– Once a week, let a child take you on a walk.
– Make major decisions in a cemetery.
– When no one is watching, live as if someone is.
– Succeed at home first.
– Don’t spend tomorrow’s money today.
– Pray twice as much as you fret.
– Listen twice as much as you speak.
– Only harbor a grudge when God does.
– Never outgrow your love of sunsets.
– Treat people like angels; you will meet some and help make some.
– ‘Tis wiser to err on the side of generosity than on the side of scrutiny.
– God has forgiven you; you’d be wise to do the same.
– When you can’t trace God’s hand, trust his heart.
– Toot your own horn and the notes will be flat.
– Don’t feel guilty for God’s goodness.
– The book of life is lived in chapters, so know your page number.
– Never let the important be the victim of the trivial.
– Live your liturgy.
Here is our new arrival, still wet, and having her first meal. We thought McKenzie and the other Shetlands were all bred earlier, so were not concerned and put all the ewes together with our Cormo herdsire. Dumb idea which won’t happen again. This was a bit of a surprise as we thought we were done. And again, we think we are done.
These are the blueberry bushes that I am becoming very acquainted with. See on the right how the berries will ripen 2-4 at a time/place. So the same bushes are picked over and over again. It seems slow as I only get about 5# or l gallon an hour. However, I now have 50# in the freezer. We love blueberries in various ways during the winter.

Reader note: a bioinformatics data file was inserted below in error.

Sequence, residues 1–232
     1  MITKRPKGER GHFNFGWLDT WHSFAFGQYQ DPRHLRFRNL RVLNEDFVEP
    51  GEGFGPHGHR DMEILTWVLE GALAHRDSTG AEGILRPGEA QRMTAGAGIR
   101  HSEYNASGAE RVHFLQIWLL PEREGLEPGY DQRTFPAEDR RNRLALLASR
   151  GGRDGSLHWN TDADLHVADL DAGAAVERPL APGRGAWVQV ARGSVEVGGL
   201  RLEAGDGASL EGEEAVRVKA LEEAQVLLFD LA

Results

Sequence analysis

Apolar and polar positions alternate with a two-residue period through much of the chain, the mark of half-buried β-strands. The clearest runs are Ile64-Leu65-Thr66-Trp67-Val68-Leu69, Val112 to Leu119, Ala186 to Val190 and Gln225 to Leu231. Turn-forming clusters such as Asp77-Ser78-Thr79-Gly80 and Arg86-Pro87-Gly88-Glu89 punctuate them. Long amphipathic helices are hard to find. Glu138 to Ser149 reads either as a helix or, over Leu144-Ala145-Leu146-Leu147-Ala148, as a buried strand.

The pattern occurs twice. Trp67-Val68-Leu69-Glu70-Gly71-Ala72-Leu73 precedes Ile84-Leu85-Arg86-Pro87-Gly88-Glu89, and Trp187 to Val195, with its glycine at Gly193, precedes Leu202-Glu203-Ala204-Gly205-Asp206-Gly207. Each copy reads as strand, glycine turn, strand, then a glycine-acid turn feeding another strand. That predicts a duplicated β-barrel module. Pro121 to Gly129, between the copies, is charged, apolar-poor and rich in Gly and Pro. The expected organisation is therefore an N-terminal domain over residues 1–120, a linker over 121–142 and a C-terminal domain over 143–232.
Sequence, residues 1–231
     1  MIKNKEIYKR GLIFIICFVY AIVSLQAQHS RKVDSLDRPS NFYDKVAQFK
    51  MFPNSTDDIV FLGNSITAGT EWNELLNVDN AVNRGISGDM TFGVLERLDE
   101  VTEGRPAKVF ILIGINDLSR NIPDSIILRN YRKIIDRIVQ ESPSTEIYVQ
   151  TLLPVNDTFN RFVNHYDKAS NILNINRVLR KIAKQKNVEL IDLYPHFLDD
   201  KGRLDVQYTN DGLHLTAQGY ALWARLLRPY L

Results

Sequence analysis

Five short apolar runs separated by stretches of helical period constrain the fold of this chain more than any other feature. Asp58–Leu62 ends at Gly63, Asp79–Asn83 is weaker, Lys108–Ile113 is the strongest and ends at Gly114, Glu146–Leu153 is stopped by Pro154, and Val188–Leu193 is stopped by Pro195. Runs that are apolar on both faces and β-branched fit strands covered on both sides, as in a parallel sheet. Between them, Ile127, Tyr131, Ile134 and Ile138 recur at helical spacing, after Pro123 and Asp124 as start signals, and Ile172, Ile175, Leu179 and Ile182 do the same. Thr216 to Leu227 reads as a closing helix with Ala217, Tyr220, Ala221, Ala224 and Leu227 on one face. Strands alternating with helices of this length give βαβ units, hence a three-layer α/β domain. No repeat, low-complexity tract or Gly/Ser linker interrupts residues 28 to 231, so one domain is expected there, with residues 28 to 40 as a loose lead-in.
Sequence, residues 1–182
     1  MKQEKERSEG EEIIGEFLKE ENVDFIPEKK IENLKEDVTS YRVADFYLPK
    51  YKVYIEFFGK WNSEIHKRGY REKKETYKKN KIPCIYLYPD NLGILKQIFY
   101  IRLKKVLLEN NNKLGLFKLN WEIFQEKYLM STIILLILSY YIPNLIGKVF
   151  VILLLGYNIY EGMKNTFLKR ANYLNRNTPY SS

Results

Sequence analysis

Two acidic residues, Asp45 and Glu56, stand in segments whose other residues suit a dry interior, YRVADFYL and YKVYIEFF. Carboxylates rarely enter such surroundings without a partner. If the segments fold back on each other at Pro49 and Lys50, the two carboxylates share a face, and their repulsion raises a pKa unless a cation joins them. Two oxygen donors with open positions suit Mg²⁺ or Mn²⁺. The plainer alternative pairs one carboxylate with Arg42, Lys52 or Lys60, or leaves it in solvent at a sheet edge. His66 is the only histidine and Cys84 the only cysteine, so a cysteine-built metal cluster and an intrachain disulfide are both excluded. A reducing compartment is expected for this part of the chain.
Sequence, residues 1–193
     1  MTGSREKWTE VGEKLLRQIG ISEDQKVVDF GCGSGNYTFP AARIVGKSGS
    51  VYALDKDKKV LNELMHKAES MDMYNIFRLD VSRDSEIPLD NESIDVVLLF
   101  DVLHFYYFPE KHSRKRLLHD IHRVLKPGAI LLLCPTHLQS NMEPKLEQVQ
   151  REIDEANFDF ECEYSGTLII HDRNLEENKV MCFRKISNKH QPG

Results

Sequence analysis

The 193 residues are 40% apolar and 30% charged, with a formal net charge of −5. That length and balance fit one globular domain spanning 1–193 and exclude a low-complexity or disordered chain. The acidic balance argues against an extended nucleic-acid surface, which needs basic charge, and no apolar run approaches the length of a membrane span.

My design wall is not as big as needed for this flimsy. I have finished and the border you see on the bottom is all the way around. Next, I will pick out the backing and get it on the quilting machine where I will look at it for 2 weeks and then decide I need to get it done right away. And the frenzy will begin, but it will get quilted and bound in time for gifting.
And in between the other fun stuff on this farm, with this heat, we are fighting fly strike, which is no fun for humans or animals.
We are having unusually hot weather for July as are many of you. Because this is unusual for us, we have not invested in air conditioning. So we have a single fan – why buy another when we use it so seldom? Does it slow you down as much as it does me?
In the morning before the heat, I pick blueberries for a couple of hours – 4 days a week. If you haven’t picked blueberries before, you should try it. Our berries are on a hillside, meaning the hill goes downhill both ways. Therefore when picking, not only does one do the gymnastics of picking high berries, berries on the ground, berries inside the bush and berries hiding behind the leaves, but this is all done while trying to stay on your feet. The benefits are fresh air, sunshine and exercise at no extra cost.
I just put my gorgeous Shetland rams on the market. I need new blood and they have done a marvelous job here.
I’ll spare you the photos, but Saturday, we had the vet visit to pull a lamb that died before it arrived in this world. The vet told us that when it gets this hot, many times (across species) mothers give a couple pushes and decide it’s too hot for that and quit.
The Autumn socks are now up to the heel flap. So a bit of progress is being made.
I haven’t done much besides just trying to maintain in this hot weather – making sure everyone, everything has plenty of water and food. So until things cool off and return to normal, posts will be more sporadic.
How are you doing? Keeping up with life or slowing down in heat?